On February 26, 2021, Carmen Meinert gave this year's prestigious Khyentse Lecture at the Center for Buddhist Studies at the University of California, Berkeley.
Just recently the webcast of her talk entitled "Sacred Space and Time: Perspectives of Tantric Buddhist Materials from the Tangut Empire (11th to 13th C.)" was made online available here.
The Khyentse Lecture, delivered once a year at the famous Center for Buddhist Studies, attracted a large audience world-wide. In her talk, Carmen Meinert presented the BuddhistRoad Project as well as the most recent findings of her own research on Tantric ritual practice in Eastern Central Asia under Tangut rule (ca. 1138–1227). She presented material, visual, and textual sources which proof the continuation of performance of Tantric ritual practice at the Mogao Caves in Dunhuang, particularly in the famous Cave 465, the sole cave with Tantric Buddhist iconography in Dunhuang, far beyond the Tibetan dominion of the region. The transmission of the Tantric teachings, facilitated thanks to Tangut imperial patronage of Tibetan masters, was for the first time in history provided in translations from Tibetan to Chinese language. Carmen Meinert also applied the concept of transcendence-immanence distinction, developed in the Bochum research consortium KHK Dynamics in the History of Religions between Asia in Europe to her Central Asian Buddhist materials.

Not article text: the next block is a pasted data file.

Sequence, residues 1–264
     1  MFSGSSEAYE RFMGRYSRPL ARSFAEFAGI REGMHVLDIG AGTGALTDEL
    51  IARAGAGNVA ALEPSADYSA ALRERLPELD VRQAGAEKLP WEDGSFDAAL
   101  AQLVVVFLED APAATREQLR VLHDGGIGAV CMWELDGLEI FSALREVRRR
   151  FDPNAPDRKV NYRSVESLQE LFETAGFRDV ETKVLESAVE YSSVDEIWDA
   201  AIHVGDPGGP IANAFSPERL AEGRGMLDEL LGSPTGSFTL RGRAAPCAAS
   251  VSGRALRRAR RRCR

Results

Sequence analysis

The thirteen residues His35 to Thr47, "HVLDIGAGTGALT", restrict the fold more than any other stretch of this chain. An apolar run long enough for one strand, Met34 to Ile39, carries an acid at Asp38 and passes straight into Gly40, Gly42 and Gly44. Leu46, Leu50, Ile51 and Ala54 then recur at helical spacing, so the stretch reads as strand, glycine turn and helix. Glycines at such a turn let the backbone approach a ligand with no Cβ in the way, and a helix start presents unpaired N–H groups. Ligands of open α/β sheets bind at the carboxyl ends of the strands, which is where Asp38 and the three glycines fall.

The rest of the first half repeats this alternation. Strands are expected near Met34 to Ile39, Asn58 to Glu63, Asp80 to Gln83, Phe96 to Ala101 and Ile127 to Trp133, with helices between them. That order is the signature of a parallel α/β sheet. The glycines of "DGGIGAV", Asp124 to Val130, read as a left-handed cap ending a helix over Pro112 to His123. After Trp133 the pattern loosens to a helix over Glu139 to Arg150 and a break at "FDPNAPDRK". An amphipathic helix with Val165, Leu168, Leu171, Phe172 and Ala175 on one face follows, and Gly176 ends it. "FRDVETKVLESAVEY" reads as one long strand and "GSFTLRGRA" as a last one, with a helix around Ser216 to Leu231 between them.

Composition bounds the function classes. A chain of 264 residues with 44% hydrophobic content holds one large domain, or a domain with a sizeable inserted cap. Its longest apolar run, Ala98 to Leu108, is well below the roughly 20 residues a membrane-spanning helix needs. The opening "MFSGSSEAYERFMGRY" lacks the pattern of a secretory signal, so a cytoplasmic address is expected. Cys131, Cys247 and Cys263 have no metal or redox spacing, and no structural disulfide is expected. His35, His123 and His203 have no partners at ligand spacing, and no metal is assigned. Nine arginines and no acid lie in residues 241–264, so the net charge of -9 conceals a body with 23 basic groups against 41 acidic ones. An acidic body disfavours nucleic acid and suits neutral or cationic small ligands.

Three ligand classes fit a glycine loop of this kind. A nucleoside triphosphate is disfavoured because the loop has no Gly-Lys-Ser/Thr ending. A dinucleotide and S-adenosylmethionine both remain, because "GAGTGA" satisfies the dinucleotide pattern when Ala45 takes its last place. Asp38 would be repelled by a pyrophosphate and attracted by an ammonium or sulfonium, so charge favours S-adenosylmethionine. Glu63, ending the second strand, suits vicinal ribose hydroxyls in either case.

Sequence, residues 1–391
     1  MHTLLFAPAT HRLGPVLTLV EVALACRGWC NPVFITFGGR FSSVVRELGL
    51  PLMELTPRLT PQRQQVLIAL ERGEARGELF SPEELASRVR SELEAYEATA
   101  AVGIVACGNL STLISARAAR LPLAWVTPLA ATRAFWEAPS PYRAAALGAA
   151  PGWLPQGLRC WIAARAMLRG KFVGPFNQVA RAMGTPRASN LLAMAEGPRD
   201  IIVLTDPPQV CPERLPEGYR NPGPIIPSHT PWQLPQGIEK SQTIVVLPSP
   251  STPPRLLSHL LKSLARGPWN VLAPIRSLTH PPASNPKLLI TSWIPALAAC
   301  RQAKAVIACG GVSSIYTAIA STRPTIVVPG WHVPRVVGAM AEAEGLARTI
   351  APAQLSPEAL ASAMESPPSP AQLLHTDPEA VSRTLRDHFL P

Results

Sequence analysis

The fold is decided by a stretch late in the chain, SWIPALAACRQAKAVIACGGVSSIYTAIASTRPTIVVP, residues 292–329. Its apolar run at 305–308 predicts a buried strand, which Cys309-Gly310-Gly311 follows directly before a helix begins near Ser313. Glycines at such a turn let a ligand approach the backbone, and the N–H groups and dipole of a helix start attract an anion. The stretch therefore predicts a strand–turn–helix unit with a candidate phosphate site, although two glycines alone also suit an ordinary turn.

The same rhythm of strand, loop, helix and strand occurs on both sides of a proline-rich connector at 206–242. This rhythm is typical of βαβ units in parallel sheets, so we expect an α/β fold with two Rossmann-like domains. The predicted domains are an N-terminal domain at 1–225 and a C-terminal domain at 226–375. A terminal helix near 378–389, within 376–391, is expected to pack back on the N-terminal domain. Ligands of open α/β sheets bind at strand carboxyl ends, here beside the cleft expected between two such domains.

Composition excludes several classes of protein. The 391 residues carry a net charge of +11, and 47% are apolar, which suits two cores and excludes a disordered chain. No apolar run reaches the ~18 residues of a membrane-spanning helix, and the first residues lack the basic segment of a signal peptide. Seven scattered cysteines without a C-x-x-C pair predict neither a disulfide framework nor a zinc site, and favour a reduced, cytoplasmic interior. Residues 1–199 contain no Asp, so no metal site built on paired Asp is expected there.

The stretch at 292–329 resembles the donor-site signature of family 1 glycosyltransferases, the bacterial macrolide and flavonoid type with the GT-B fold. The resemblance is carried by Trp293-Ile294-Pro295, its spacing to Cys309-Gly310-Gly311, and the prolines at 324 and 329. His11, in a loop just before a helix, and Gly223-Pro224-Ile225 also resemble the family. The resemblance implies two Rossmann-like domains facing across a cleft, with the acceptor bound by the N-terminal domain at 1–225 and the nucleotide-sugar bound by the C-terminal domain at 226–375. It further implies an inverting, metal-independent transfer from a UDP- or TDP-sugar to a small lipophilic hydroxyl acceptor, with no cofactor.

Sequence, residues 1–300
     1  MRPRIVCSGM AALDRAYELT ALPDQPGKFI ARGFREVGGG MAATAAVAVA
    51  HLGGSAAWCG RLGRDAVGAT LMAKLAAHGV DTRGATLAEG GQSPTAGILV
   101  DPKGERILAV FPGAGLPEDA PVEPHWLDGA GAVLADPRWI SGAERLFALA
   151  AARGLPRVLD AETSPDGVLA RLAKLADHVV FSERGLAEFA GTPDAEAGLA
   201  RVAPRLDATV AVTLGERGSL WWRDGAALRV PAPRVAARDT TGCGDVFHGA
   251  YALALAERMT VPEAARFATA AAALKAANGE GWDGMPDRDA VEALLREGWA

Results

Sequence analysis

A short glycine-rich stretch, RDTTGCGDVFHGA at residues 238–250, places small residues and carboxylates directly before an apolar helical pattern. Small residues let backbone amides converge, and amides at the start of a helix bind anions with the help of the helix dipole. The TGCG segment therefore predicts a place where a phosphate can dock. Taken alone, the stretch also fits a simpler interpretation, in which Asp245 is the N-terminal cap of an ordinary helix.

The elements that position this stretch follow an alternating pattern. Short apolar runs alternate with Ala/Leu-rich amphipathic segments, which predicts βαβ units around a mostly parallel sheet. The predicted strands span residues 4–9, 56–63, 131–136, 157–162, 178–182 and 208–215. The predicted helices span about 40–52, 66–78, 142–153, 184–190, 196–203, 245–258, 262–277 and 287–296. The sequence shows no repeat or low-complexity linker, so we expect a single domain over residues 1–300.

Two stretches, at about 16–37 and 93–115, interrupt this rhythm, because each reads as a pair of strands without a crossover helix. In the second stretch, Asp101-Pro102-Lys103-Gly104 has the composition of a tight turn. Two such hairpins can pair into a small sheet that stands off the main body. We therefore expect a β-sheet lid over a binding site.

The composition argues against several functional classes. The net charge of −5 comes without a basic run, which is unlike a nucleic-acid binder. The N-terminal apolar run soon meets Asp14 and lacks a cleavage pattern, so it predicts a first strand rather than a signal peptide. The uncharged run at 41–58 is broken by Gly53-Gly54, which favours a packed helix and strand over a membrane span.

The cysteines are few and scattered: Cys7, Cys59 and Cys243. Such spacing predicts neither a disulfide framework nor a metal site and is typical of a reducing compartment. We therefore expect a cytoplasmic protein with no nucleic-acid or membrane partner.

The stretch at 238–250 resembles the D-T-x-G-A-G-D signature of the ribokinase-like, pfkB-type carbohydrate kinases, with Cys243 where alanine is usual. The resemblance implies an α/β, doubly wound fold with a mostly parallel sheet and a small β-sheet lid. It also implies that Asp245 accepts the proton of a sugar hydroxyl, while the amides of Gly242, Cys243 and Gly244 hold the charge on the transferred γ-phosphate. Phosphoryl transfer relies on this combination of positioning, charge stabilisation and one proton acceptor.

A longer version of her talk will be published this year in: Buddhism in Central Asia II: Practice and Rituals, Visual and Material Transfer, edited by Yukiyo Kasai and Henrik H. Sørensen, Leiden: Brill, forthcoming 2021.